The Original Monetary Act

The Constitution and the Original Monetary Act of 1792 mandates that gold and silver coins are the hard currency system and requires a constitutional amendment to change the standard. It appears than non have yet to have be enacted, and so the Original Monetary Act of 1792 still stands. The Federal Reserve Notes (U. S. Dollar Bills) are currently not backed by gold nor silver. The power holding up these sheets of paper money is the phrase “legal tender,” on the face of the note and the fact that the government and banks validate and accepts it as a source of “value.

” What this means is that a dollar bill is really not a dollar, but a piece of paper or debt money which creates the Federal Reserve Note. Another point worth considering is that the Federal Reserve is a private institution and has no real connection to the US Government as is often believed. The Federal Reserve is a department that prints money and used to be tied to the gold held at Fort Knox, now however, it is backed up by nothing.

It is thus, a fallacy to assume that a Federal Reserve Note is a dollar; it may be a dollar bill – but it is definitely not a dollar according to the gold and silver standard. Knowing this, it is reasonable to assume that the reason we are all still accepting, exchanging and treating the dollar bill like it can buy the world is due to the fact that we are living in a consensus reality. According to Steven Yates, a consensus reality is not a real reality but one that is believed to be undoubtedly true by the culture and society.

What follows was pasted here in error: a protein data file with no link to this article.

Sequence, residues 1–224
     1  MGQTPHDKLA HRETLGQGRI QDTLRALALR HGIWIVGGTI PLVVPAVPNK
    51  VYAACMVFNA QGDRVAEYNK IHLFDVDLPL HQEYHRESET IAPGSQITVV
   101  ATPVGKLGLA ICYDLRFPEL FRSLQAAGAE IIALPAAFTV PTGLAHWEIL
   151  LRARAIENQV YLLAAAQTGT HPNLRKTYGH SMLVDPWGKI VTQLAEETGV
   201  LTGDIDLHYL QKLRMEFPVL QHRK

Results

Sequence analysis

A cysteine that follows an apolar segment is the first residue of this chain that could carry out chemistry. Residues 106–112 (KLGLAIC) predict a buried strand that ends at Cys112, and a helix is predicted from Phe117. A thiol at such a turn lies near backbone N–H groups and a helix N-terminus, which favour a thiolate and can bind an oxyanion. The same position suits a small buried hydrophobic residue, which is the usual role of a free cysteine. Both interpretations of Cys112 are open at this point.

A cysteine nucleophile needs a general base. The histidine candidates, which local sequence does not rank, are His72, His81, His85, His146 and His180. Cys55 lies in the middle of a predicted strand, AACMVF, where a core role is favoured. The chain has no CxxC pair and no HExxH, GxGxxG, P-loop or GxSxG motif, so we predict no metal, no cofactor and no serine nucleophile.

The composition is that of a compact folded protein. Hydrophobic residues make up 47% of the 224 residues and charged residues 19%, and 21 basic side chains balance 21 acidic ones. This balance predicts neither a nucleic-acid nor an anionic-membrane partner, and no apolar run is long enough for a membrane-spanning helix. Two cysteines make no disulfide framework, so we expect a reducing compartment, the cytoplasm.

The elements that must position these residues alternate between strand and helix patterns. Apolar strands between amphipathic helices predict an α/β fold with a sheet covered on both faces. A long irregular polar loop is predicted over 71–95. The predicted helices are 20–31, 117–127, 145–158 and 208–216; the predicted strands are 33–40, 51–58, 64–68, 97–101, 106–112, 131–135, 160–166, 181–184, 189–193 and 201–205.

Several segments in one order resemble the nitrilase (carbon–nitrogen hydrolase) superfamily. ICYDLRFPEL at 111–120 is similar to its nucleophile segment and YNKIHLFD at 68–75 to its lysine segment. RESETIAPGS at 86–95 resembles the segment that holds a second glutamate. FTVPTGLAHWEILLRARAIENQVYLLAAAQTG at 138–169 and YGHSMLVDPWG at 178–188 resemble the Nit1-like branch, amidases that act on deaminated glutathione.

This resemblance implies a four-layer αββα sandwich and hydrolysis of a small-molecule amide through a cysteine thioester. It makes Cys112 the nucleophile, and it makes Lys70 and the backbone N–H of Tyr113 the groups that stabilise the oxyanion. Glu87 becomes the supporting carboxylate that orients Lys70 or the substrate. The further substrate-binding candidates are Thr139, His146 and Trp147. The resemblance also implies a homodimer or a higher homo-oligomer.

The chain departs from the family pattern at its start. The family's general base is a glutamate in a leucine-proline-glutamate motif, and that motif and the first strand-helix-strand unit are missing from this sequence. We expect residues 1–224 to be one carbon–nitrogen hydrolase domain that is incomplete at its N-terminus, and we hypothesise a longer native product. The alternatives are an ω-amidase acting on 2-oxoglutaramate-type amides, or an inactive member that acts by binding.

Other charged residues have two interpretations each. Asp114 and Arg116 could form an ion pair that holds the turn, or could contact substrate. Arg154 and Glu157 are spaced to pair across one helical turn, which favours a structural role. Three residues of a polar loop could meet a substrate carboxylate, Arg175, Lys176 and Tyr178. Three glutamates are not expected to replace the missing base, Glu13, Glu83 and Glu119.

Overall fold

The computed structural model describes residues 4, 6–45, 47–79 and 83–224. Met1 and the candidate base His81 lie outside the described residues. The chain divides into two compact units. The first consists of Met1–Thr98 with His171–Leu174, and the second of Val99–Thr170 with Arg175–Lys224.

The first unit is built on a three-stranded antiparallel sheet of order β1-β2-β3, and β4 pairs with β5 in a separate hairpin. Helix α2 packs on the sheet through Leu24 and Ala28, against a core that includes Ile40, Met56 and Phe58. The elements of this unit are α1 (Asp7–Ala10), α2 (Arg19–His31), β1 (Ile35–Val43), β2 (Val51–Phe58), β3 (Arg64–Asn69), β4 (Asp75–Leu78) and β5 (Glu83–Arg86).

People continue accepting the Federal Reserve notes under the assumption that it contains indestructible value. The reason that a lot of people continue to accept them is due to a few factors. The complications of the economic system with its advanced language, diagrams and out of this world symbols is enough to chase the ordinary person from truly seeking to understand the true essence of a dollar’s worth. Since the Federal Reserve Notes (U. S.

Dollar Bills) are currently not backed by gold nor silver, there has to be another factor that is holding on to the value of the U. S. Dollar System. It may come as a surprise to many when they understand that the dollar bill that they are holding is merely backed up by the phrase “legal tender,” on the face of the note and the fact that the government and banks validate and accepts it as a source of “value. “

References:

Yates, Steven (2006). Our Money System: Your Dollar Bill is a Lie! Retrieved 28, Mar. 2009, from http://www. newswithviews. com/Yates/steven12. htm